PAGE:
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A Discussion on Disability and Healthcare with Dr. Karen Landmeier, Developmental-Behavioral Pediatrician

Karen specializes in helping families understand their child's strengths while managing challenges and delays.

Anthony Verducci
May 22nd, 2024
A headshot of Dr. Karen Landmeier against a green background.

Dr. Karen Landmeier is an advisor for Wayfinder and has served as a developmental and behavioral pediatrician since 2017. She currently serves on the board of Clear Child Psychology in Broomfield, CO. Karen specializes in helping families understand their child's strengths while managing challenges and delays. She recently sat down with us to share her wisdom about child healthcare in a disability context.

"You’re the Expert on Your Child"

What does a developmental-behavioral pediatrician do?

I’ve spent most of my career evaluating and diagnosing developmental disorders such as autism, ADHD and other intellectual or learning disabilities. After a diagnosis, I help families connect with other providers or services that will help their child.

What initially piqued your interest in the field?

I just love people with disabilities. I went to school at a place called Bal Swan Children's Center (an inclusion school here in Broomfield). I always just liked the aspect of how kids with disabilities could teach me things, and I could also help them — truly a two-way street. Later in life, I worked at Bal Swan and I grew to love working with parents. As a parent, receiving a disability diagnosis for your child is kind of like stepping into a foreign land, so I wanted to serve parents and kids together.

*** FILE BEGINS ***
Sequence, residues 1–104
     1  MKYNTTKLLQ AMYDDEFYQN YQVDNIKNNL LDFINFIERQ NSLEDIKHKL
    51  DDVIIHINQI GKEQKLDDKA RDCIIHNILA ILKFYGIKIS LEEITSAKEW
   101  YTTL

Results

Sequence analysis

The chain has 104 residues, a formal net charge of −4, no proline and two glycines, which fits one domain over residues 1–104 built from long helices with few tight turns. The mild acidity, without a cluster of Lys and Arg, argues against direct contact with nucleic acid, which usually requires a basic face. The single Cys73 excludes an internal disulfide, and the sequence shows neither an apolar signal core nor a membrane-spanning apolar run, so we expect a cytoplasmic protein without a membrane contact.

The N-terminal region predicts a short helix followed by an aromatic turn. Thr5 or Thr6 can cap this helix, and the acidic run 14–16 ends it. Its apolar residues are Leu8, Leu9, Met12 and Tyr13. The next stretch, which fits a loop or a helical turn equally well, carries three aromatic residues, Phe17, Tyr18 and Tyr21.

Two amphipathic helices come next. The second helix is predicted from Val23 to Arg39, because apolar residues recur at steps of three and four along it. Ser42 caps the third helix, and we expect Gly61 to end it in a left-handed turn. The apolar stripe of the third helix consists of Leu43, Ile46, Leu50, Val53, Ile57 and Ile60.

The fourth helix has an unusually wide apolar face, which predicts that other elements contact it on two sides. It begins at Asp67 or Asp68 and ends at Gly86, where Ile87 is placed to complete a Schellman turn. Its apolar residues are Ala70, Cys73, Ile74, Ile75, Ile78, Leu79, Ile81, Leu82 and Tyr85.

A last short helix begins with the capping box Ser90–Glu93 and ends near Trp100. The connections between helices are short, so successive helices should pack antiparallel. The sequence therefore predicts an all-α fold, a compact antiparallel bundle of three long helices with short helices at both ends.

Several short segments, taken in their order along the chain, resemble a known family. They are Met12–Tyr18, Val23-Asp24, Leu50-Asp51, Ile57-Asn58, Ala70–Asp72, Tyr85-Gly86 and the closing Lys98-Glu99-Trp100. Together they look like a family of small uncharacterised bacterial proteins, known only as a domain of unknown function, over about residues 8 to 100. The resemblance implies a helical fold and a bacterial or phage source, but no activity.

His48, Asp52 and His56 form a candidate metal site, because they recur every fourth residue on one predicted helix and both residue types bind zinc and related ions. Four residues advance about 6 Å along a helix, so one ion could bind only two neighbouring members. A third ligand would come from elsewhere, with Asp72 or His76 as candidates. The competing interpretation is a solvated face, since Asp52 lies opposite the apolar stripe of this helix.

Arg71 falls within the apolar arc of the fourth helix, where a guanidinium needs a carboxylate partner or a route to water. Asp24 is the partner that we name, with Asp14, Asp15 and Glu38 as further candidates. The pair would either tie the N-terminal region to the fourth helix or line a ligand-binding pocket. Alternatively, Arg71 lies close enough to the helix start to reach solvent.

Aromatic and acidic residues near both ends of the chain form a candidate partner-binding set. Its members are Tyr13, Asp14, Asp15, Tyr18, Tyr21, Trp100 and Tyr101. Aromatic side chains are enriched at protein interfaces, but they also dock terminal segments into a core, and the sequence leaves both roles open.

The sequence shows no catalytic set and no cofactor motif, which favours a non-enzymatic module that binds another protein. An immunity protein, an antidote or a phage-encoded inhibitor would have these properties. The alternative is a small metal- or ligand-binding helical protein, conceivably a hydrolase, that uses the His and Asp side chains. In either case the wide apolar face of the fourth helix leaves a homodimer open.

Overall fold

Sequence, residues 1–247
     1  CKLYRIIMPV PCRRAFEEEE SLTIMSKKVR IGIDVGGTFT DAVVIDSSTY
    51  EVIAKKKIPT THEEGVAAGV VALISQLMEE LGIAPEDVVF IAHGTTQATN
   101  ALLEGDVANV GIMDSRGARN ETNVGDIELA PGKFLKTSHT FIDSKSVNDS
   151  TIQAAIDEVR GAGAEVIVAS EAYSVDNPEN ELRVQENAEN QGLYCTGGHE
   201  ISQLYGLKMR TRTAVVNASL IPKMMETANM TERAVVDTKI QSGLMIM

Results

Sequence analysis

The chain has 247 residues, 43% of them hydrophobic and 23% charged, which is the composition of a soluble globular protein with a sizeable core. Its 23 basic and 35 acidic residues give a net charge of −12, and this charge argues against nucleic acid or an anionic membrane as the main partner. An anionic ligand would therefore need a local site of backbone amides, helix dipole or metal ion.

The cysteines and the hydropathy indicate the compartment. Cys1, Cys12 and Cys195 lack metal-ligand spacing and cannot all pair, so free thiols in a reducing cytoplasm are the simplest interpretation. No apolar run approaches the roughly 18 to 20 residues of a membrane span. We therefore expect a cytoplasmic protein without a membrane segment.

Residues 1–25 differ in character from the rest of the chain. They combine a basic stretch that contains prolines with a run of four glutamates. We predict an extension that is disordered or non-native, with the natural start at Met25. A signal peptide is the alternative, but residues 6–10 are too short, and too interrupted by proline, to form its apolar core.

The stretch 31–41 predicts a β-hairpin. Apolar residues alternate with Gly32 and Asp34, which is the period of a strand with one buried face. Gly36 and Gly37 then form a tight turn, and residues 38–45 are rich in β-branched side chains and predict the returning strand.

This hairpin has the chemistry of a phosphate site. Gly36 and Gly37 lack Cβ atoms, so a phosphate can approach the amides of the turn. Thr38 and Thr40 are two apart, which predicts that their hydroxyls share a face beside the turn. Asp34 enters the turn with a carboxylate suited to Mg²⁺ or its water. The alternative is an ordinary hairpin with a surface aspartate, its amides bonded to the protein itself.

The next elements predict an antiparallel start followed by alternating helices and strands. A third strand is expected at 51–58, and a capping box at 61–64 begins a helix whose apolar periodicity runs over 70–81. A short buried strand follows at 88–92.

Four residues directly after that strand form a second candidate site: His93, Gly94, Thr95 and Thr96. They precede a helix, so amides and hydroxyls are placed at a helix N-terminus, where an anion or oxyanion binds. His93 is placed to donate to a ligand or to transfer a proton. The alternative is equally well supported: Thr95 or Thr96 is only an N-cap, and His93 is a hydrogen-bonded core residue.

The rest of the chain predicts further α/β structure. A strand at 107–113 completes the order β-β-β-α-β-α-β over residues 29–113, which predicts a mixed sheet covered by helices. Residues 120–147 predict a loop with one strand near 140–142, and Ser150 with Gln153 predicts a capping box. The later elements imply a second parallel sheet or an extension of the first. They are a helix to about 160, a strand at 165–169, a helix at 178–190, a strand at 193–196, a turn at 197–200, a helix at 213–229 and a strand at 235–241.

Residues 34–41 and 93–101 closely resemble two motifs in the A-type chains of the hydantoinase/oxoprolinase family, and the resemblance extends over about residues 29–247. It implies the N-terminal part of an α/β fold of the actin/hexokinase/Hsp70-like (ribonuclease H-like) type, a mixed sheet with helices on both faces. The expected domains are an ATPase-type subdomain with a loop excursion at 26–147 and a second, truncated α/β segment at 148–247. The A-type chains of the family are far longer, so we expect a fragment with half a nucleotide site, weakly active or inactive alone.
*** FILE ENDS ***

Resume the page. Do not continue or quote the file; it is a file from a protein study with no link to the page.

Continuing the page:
You talk about seeing and serving children through a “holistic and hope-filled” lens. Why is that so important to you?

As you journey with parents, you realize that nobody has a crystal ball. Every kid is so different, so it's really important to provide parents with evidence-based information, but then also to remind them: You are the expert on your child. Look for your child’s strengths, and build support around those strengths. And enjoy your child for who they are! A diagnosis doesn't change who your child is, and starting treatment doesn’t have to be like starting a new life.

After Diagnosis: Mental Health, Cultural Considerations and Collaboration

Why is it so important to emphasize mental health for kids with disabilities?

That can be the most challenging aspect for a child with a disability: not the physical or the intellectual struggle, but the anxiety or the depression that comes with it. For kids with “high functioning autism,” it does mean their intellectual and language levels are high, but sometimes these kids actually can struggle the most — because what is challenging for them, nobody else sees.